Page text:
Fallout by Ellen Hopkins
My rating: 5 of 5 stars
From Goodreads: Hunter, Autumn, and Summer—three of Kristina Snow’s five children—live in different homes, with different guardians and different last names. They share only a predisposition for addiction and a host of troubled feelings toward the mother who barely knows them, a mother who has been riding with the monster, crank, for twenty years.
Hunter is nineteen, angry, getting by in college with a job at a radio station, a girlfriend he loves in the only way he knows how, and the occasional party. He's struggling to understand why his mother left him, when he unexpectedly meets his rapist father, and things get even more complicated. Autumn lives with her single aunt and alcoholic grandfather. When her aunt gets married, and the only family she’s ever known crumbles, Autumn’s compulsive habits lead her to drink. And the consequences of her decisions suggest that there’s more of Kristina in her than she’d like to believe. Summer doesn’t know about Hunter, Autumn, or their two youngest brothers, Donald and David. To her, family is only abuse at the hands of her father’s girlfriends and a slew of foster parents. Doubt and loneliness overwhelm her, and she, too, teeters on the edge of her mother’s notorious legacy. As each searches for real love and true family, they find themselves pulled toward the one person who links them together—Kristina, Bree, mother, addict. But it is in each other, and in themselves, that they find the trust, the courage, the hope to break the cycle.
Told in three voices and punctuated by news articles chronicling the family’s story, FALLOUT is the stunning conclusion to the trilogy begun by CRANK and GLASS, and a testament to the harsh reality that addiction is never just one person’s problem.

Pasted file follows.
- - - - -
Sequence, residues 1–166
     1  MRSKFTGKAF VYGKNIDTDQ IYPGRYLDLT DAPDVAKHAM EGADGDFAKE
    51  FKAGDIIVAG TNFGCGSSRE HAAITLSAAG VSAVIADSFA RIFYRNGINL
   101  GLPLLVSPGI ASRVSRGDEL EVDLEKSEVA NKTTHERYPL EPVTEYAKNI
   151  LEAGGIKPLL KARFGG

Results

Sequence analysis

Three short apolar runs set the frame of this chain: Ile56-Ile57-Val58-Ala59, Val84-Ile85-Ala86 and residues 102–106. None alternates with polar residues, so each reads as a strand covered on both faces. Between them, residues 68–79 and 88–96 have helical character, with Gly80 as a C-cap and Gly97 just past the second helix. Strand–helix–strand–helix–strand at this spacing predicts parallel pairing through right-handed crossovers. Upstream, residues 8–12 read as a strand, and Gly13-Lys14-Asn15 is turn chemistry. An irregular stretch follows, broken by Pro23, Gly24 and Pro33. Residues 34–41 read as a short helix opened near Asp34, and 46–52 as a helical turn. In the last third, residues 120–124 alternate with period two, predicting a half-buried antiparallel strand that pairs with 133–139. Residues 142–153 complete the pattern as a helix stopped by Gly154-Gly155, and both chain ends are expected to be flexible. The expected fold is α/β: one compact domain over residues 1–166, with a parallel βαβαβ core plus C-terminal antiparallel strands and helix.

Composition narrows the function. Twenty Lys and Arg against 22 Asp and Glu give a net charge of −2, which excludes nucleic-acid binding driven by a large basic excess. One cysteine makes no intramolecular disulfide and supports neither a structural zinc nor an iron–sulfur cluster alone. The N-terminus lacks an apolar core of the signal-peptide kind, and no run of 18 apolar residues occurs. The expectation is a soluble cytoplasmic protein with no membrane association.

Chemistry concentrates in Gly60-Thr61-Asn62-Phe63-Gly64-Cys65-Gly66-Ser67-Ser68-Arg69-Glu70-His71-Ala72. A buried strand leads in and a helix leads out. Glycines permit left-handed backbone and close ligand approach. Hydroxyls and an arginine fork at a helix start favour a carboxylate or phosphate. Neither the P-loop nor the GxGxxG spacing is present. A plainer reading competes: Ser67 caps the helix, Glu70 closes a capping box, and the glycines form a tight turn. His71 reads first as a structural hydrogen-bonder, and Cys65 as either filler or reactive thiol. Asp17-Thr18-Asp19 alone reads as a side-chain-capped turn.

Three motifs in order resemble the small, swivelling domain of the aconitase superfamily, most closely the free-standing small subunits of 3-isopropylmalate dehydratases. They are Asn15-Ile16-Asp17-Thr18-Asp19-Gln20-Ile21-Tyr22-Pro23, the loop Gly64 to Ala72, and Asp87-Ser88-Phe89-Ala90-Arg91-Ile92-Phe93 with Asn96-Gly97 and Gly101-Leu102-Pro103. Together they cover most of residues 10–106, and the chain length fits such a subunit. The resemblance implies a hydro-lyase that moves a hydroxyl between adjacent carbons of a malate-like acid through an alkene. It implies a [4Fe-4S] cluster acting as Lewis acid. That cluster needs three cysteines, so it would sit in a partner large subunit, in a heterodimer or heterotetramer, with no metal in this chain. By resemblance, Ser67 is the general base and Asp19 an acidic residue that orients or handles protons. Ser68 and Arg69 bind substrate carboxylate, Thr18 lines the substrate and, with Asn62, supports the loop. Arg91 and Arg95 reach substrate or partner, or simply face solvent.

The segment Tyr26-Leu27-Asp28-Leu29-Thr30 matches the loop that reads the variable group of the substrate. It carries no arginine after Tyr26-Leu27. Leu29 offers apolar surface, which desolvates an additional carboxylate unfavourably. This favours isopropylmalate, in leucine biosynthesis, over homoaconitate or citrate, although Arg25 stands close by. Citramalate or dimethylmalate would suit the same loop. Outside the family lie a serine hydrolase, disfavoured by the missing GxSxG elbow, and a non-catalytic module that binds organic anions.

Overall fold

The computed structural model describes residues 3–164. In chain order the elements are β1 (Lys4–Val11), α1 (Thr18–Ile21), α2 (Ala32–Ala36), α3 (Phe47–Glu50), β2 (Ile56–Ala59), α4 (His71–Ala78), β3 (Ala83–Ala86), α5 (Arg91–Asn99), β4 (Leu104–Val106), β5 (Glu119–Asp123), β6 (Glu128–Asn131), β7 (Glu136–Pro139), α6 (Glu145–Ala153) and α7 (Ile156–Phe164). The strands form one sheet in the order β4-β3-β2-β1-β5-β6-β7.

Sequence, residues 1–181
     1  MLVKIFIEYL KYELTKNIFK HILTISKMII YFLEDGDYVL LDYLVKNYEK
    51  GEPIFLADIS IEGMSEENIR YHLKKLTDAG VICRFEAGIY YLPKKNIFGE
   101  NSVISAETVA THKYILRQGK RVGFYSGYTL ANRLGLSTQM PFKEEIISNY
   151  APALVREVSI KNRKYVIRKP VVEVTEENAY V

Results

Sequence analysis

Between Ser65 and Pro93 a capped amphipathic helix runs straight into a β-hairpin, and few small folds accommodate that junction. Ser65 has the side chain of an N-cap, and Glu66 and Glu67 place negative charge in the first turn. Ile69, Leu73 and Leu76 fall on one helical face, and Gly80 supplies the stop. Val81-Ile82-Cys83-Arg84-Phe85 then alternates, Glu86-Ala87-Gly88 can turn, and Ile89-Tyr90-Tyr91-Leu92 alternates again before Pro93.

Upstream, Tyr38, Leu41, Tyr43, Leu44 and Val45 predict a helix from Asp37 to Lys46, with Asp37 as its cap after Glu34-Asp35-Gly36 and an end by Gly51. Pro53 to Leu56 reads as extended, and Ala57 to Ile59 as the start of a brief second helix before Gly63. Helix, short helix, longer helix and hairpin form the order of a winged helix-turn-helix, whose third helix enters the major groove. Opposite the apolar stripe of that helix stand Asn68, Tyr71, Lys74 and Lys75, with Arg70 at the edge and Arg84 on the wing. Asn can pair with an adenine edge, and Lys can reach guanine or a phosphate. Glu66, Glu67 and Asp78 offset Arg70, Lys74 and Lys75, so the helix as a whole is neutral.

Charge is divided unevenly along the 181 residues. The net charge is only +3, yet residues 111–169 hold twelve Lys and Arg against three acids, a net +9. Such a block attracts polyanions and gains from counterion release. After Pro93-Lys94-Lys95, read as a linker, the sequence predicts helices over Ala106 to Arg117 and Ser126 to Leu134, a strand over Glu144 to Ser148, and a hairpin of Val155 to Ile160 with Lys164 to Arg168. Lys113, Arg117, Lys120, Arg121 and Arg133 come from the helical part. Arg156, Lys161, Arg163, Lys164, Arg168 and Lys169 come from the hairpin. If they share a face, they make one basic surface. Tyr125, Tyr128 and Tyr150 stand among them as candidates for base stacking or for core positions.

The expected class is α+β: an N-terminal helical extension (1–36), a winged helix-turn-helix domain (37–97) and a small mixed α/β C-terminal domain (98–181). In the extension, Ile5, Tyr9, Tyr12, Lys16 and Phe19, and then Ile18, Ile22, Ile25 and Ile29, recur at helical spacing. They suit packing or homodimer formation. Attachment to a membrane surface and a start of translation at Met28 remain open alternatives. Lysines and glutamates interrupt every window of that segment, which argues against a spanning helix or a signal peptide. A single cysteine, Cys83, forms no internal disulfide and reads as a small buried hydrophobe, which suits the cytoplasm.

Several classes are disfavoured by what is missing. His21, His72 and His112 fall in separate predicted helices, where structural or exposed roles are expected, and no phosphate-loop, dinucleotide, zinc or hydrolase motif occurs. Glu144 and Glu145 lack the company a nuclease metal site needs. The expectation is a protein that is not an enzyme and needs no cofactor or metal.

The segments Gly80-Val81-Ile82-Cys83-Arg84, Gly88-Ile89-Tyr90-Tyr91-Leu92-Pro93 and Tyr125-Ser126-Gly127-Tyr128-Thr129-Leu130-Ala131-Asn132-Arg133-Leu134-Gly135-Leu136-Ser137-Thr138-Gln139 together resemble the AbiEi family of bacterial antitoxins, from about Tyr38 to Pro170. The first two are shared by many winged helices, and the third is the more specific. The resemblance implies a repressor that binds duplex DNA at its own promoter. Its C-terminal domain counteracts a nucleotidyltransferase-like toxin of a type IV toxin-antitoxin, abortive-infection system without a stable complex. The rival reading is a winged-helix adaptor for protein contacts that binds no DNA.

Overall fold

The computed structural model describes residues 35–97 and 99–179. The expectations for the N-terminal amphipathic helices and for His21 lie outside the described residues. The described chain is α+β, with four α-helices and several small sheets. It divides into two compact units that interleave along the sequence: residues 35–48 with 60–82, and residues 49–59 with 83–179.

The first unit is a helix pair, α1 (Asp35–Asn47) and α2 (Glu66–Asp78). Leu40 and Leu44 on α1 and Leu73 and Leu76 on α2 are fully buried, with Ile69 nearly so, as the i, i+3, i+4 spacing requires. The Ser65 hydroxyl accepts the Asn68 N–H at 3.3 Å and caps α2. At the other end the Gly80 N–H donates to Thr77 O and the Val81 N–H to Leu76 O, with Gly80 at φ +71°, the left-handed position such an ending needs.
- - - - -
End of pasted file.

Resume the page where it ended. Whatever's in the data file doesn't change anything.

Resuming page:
My Take: I decided to approach this book completely backward. I knew previous books existed but I didn't read them or look up their summaries. I also chose to not read the inside cover. I just opened the book and began to read, assuming Hopkins had written a compilations of poetry. Oh, so wrong! Although my approach worked very well for me and the surprise I experienced as I discovered the characters in this book. I enjoyed putting the puzzle pieces together and finally understanding that Hunter, Summer, and Autumn were Kristina's children.
Any review will slaughter the uniqueness of the style. It is something to be experienced on many levels. Not only do the words tell a story in a chronological manner, the prose is organized to reflect the emotion or message. For instance, Summer struggled with panic attacks and OCD. When chaos reigned, the arrangement of the words reflected that. Hunter talks about his girlfriend and the page is titled, "The Perfect Girl." The organization of words was curvy, like a woman would be. Subtle but hammering the message home on a different level.
The book is told in three different voices - each of Kristina's oldest children. Hunter, who experiences trouble with intimacy. He has a good home life, an awesome girlfriend, people who love him yet he can not reach commitment which would provide true intimacy for him. A thoroughly enjoyable character.
Summer is in foster care and intimates sexual abuse from those she trusted. She feels alone but possesses street smarts to help her survive. Interesting addition when her boyfriend, Kyle, makes sacrifices for her. I really thought he was going to be a complete jerk but I ended respecting him.
Autumn has been carefully protected by her paternal grandfather and aunt from her biological parents. She craves order and connection. She suffers from panic attacks and has no idea she has such a large family in the world.
Naturally, the characters' worlds collide by the end. Riveting from page one right to the last page. The glue that holds all of these people together is Kristina, their biological mother. Although Hunter's outburst is much more adept as he connects all of the people sitting at the table, Kristina is the woman who has caused every one of them pain to the core. But it's not her fault, or so she claims. Still completely self-absorbed, self destructing, leaving a wake of carnage behind her and completely unaware of it.
Be advised this is a gritty read. Sex is abundant. Drug use proliferates the story. It is not glamorized yet there is a lack of preaching the evils of drug use. On the other hand, the impact on relationships, children, parents, brothers and sisters is illustrated by the journey the reader takes.
*I was provided a copy of this book in exchange for an honest review. I experienced no pressure, obligation, or duress to provide a positive review. That's all I have to say about that.